Fine Whiskey and Aging

The British Bourbon Society recently posted a tweet that resonated with us, on the merits of Old Tub bourbon. Old Tub is a Beam brand, of which Jim Beam bourbon is best known. Beam today is owned by the Japanese multinational beverage and food company, Suntory Holdings.

The tweet noted an appealing youthful quality in the bourbon including its nose. Bourbon, like most whisky, so often is prized for long years in oak barrels. At times there seems almost an obsession with long aging: 10, 12, 15, and many more years old.

The tweet upheld the merits of a good younger whisky. Old Tub is a bonded bourbon, hence 50% ABV, at least four years old, but probably not too much older.

For further product and corporate background on Old Tub, I can’t improve on this Whiskey Wash post (Cameron Hoick).

My interest here is to uphold the validity of a good younger whiskey. Having studied whiskey history in-depth, I know just from the name Old Tub that an allusion is made to the character of old-time whiskey. Whiskey in the 1800s was often mashed and fermented in a series of small wood tubs. In the post A Maven of Intelligent Blending  I discussed some of those features.

Today, sour mashing means only the practice of adding backset, or the residue of distillation, to a mash to replace part of the water. In the 19th century there were numerous variations on sweet and sour mashing and fermentation. From my post:

Preyer’s [1901] explanation of sweet mash and sour mashing is broadly similar to others I’ve discussed, but with a gloss on back-yeasting. He states that at the beginning of a distilling season a mash is left to ferment naturally in small tubs which he says (correctly) is sour mash. Once a fermentation is secured, the yeast, or barm, is used to seed the next one and so on. He calls that a sweet mash, which is correct as well because yeast is being added by the distiller.

Clearly some distillers operated in this way but some distillers never yeasted back and relied for all their fermentations on purely natural (spontaneous) fermentation as I’ve showed in the past.

Then too, sometimes you would start with a sweet mash and move to sour, in that once enough backset was produced, you would mash with that and add no further yeast. This was the system C.K. Gallagher laid down as I’ve also explained recently.

Beam bourbon today is, according to its website, mashed in a 10,000 gal. cooker. It is fermented with a proprietary jug yeast in large domed, metal tanks, as in most larger distilleries. Calling one of its whiskeys small tub is meant, I should think, to suggest an old fashioned character. This derives from the bonded status including four years of age, the 50% ABV (vs. the norms of 40% or 43%), and the fact of not being chill-filtered.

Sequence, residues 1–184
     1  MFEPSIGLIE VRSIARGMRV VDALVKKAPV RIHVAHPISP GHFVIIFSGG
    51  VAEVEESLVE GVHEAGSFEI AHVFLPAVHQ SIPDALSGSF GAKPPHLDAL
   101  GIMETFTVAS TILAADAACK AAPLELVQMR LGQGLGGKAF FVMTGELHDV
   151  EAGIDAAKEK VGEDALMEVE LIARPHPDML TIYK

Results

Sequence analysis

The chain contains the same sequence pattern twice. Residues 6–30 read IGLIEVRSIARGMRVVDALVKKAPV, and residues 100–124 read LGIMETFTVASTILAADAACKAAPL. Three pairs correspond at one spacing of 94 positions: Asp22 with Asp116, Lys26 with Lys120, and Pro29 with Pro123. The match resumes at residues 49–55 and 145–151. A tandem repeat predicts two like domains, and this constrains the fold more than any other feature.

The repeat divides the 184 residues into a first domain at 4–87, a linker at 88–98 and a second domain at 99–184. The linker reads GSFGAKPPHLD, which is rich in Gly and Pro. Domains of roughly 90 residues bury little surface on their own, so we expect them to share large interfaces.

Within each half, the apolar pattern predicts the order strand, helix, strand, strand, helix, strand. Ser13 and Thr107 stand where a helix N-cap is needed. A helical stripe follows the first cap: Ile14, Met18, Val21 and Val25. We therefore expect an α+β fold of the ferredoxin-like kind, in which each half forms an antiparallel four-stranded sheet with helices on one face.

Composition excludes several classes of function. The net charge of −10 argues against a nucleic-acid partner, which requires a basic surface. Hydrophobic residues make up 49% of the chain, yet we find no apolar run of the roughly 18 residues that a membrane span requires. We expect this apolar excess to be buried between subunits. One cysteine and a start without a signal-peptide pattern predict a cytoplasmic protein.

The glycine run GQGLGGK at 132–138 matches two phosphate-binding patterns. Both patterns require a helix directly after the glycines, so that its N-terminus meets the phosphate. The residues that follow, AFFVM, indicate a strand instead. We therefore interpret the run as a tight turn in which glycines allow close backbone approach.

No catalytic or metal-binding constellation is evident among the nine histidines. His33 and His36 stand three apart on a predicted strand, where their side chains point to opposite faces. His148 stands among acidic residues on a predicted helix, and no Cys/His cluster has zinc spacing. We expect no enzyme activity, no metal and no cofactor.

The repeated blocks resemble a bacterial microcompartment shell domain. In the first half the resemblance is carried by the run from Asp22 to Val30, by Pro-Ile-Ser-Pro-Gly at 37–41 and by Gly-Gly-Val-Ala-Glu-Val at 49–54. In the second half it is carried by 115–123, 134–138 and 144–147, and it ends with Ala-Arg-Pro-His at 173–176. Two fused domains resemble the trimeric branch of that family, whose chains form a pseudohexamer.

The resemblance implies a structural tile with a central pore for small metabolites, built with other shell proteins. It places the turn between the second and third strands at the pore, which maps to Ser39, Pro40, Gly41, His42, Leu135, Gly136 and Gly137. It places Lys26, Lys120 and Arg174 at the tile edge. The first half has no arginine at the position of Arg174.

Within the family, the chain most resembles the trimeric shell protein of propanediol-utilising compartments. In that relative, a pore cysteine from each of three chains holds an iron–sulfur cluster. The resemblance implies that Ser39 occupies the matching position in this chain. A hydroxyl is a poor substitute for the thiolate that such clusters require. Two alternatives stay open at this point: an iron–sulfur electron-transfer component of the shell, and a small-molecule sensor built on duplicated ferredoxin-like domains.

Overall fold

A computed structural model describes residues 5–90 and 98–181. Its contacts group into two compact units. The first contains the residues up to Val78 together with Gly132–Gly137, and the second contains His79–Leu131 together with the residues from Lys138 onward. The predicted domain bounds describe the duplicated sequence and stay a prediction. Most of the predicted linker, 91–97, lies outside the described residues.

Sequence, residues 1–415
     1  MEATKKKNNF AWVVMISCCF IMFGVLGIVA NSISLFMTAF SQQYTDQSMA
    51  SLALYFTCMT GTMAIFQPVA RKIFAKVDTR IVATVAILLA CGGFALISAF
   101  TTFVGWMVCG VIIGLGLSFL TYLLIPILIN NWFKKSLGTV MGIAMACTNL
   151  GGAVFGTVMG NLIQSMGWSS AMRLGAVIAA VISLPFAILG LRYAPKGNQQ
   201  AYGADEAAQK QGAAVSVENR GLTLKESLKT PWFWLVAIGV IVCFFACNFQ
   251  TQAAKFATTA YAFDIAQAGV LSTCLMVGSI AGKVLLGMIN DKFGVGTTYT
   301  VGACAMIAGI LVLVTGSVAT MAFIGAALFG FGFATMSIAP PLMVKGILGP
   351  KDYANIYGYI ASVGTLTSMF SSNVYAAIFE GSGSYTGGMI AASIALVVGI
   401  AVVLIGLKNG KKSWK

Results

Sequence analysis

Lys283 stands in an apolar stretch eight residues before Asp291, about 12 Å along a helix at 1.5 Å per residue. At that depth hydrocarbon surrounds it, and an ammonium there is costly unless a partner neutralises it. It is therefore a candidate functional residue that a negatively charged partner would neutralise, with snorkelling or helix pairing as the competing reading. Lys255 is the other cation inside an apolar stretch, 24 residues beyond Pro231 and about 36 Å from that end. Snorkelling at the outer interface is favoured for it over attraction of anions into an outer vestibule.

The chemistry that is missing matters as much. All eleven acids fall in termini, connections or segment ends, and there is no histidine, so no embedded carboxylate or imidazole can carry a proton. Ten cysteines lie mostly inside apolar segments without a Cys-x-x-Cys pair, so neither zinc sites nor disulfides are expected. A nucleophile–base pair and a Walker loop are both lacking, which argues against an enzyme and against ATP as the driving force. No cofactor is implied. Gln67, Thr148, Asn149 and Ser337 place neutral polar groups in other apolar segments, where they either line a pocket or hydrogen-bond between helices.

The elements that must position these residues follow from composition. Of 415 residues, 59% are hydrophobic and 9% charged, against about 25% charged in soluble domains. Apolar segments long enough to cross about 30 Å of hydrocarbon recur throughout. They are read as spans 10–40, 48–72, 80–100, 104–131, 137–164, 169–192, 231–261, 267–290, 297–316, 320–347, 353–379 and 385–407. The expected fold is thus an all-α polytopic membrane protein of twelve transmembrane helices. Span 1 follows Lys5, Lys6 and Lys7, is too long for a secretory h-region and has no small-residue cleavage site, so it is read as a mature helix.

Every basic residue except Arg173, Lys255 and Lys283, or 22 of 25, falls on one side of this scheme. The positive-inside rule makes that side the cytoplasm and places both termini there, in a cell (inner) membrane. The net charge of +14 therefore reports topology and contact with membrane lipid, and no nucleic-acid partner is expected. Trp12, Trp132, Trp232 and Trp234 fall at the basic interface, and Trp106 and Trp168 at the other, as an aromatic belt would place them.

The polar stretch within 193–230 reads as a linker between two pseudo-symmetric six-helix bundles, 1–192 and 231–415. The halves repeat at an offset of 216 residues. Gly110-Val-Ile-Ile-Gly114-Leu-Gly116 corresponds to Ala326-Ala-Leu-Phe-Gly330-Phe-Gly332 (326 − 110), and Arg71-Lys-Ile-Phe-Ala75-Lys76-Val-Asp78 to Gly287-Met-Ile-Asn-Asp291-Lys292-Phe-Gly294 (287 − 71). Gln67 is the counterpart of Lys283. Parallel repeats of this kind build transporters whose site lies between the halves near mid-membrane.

Distillers worldwide chill-filter spirits to maintain their clarity under various handling and storage conditions. It is felt superfluous though with extra-strong spirits, particular some bourbon and single malt whisky.

In any case today consumers are rightly not obsessed with crystal clarity, as the success of cloudy beer types shows. Compounds not removed by chill-filtering add to the traditional character.

The relatively young age, though, is another factor. The aging of American whiskey, as I’ve discussed in many posts, developed over time in the 19th century. While there was always some old whiskey in the market, even early in the 1800s, much of it by many accounts was sold young: 1, 2, 3 years of age.

The longer a whiskey is in the barrel, the more colour and sweet wood gums are imparted by the charred interior. At the same time, the assertive, “distillery” character of new whiskey is modified by a complex process of oxidation. The wood pores allow entry of oxygen. A multi-years’ breathing matures the whiskey.

When I was active in the consumer group 10-15 years ago, long-aged whiskey was readily available: 10, 12, even 15 and more years. And it didn’t cost that much more than standard 6-8 year old whiskey.

With the success of bourbon and straight rye since then, the supply of such old whiskey has dried up or available stocks are rare and pricy. Fair enough, that’s how the market works.

Yet, I noticed when buying a lot of that old whiskey that often the barrel tones covered over everything else. And the distillery character was reduced due to the long oxidation process mentioned.

The whiskey taste, originally, is what made whiskey, whiskey. The malts of the U.K., or Ireland, are no different.* To efface substantially that feature in whiskey is to diminish the product, in my opinion.

People will have different preferences on age. A 12-year-old Scottish malt is often ideal because aging differs there and the barrel type too. (Bearing in mind that age statements are a minimum, a vatting of whiskies 12 years of age and older usually perfects the batch).

But for Kentucky whiskey, I think six to eight years of aging is usually right, with some whiskey reaching a good balance at about four years. It seems Old Tub may have that sweet spot.

I look forward to trying it, when I can next visit the U.S. – but who knows when that will be?


*Irish single pot still too, of course.


Leave a Comment

This site uses Akismet to reduce spam. Learn how your comment data is processed.